Letter by Kern Regarding Article, “High-Pressure Loculated Pericardial Effusion in Postpericardiotomy Syndrome”
To the Editor:
Drs Syros and Maysky1 present a remarkable case of pericardial effusion due to post pericardiotomy syndrome in an 81-year-old man. I am confused about the hemodynamics displayed in Figure 2, which shows a pericardial pressure that appears to be exactly like that of a right ventricular tracing (52/20 mm Hg) and a right atrial pressure of 19 mm Hg with notable respiratory V waves. Although the authors assure us that the contrast echo confirmed the intrapericardial location, it is a physiological impossibility to have right ventricle–like pressure in the pericardium without transmission to the right atrial pressure wave contour as well. Perhaps the tip of the needle moved out of the right ventricle during injection of the contrast. Moreover, pericardial pressure exceeding right atrial pressure at all times during the cardiac cycle would produce a marked reduction in right atrial filling and lead to hemodynamic collapse, which was not the case here. Although the proposed mechanism was the outward movement of the left ventricle free wall in systole after the left ventricular diastolic collapse, the pressure relationship of the left ventricle, right ventricle, and right atrium do not make complete hemodynamic sense. No pressures after pericardial effusion drainage were provided. Because the pericardial and right atrial pressures are coupled tightly when effusion is present, I think I am missing something about the hemodynamic presentation that the authors may be able to explain.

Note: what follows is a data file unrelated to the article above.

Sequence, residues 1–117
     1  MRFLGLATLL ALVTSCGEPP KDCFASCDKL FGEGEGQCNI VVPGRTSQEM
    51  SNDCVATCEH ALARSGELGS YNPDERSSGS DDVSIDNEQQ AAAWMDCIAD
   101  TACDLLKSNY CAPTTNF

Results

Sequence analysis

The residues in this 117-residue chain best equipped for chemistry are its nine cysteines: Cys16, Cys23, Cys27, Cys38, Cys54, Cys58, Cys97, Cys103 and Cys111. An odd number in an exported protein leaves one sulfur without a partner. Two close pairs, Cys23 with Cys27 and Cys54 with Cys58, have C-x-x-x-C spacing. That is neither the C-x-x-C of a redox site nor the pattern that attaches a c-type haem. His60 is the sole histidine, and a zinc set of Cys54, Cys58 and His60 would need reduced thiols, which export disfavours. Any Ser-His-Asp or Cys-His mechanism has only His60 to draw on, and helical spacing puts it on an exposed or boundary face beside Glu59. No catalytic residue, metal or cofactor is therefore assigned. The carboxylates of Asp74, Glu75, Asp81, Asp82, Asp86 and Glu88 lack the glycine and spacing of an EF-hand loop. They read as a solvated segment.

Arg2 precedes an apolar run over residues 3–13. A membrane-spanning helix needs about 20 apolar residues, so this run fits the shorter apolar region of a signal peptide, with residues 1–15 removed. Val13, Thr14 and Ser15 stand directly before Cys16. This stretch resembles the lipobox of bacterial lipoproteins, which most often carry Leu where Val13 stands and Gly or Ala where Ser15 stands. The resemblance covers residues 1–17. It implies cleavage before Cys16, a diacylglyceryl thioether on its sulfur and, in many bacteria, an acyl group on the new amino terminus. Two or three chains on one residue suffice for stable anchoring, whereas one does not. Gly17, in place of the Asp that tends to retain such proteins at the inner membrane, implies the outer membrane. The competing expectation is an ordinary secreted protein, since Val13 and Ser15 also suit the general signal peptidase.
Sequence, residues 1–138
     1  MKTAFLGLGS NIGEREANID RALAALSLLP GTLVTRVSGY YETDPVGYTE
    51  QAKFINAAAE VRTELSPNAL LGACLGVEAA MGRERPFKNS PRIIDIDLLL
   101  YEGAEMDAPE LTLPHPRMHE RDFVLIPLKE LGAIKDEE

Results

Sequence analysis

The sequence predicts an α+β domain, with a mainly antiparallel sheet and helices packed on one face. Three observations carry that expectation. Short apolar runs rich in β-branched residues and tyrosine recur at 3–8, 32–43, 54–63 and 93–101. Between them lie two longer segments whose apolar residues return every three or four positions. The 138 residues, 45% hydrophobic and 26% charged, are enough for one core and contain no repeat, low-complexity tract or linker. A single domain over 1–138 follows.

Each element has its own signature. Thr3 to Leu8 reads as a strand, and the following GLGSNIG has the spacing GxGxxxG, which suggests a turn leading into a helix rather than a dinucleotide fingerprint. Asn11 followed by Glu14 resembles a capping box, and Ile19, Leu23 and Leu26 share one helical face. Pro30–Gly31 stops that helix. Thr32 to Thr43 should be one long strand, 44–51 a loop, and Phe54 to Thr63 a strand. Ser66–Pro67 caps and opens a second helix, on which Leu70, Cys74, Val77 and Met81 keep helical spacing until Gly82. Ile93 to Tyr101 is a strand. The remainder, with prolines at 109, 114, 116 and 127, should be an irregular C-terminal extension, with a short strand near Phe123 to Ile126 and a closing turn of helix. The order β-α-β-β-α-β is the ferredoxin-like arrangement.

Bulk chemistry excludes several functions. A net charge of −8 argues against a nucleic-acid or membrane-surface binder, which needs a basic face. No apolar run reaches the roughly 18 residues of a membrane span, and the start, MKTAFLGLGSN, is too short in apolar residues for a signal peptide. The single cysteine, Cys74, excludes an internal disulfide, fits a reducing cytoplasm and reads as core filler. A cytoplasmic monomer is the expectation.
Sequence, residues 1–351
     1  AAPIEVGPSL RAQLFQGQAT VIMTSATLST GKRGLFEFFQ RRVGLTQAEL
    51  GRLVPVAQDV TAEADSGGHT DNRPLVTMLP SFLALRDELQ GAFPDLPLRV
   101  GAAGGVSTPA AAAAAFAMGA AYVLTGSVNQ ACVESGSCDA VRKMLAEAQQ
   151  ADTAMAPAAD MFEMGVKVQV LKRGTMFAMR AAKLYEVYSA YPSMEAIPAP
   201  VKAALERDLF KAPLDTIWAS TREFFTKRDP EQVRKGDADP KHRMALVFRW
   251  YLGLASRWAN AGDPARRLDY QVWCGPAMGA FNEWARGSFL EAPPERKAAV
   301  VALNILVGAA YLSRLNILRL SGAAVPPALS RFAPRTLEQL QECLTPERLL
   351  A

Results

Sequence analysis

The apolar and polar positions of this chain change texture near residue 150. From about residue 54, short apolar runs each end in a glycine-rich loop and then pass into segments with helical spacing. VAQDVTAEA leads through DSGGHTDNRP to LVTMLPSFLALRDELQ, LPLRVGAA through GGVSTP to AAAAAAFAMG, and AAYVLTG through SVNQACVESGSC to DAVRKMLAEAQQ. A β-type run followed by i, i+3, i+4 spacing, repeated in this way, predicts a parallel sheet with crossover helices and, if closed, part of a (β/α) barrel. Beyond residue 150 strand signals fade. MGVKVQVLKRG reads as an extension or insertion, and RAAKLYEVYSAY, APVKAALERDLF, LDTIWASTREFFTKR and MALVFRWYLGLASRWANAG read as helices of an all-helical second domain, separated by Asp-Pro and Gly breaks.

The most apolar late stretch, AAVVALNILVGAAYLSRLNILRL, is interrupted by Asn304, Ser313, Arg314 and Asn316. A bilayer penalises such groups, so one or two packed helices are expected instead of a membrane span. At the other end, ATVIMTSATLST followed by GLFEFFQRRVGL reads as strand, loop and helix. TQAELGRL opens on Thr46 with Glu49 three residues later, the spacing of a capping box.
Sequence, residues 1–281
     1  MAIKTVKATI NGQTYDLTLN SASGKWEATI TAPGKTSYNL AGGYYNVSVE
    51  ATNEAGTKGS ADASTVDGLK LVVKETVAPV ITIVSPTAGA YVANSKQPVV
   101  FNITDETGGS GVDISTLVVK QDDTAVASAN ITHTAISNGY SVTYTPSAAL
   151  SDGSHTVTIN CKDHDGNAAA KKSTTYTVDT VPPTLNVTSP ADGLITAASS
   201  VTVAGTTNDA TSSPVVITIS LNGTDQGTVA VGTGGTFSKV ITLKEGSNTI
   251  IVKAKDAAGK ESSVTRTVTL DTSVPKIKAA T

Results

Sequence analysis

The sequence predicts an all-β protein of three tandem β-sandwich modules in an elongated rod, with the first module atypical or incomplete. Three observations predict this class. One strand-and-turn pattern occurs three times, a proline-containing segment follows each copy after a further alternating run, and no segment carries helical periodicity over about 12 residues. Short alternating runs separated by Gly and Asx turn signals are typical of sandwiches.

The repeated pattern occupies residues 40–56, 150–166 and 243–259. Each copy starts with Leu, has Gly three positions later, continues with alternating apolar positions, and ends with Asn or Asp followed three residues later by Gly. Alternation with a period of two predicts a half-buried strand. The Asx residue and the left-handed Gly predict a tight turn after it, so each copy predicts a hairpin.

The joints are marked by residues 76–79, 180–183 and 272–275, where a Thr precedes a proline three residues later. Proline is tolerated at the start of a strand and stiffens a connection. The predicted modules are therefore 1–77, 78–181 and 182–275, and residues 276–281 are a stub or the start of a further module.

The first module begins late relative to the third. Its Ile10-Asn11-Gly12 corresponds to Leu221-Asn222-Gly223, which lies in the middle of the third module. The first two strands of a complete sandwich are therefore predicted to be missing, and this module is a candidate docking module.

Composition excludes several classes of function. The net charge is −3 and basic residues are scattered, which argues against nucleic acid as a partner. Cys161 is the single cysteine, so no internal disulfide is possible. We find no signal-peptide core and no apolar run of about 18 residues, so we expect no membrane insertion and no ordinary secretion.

Morton J. Kern, MD, FAHA, FACC
Long Beach Veterans Health Care System
Long Beach, CA
- © 2012 American Heart Association, Inc.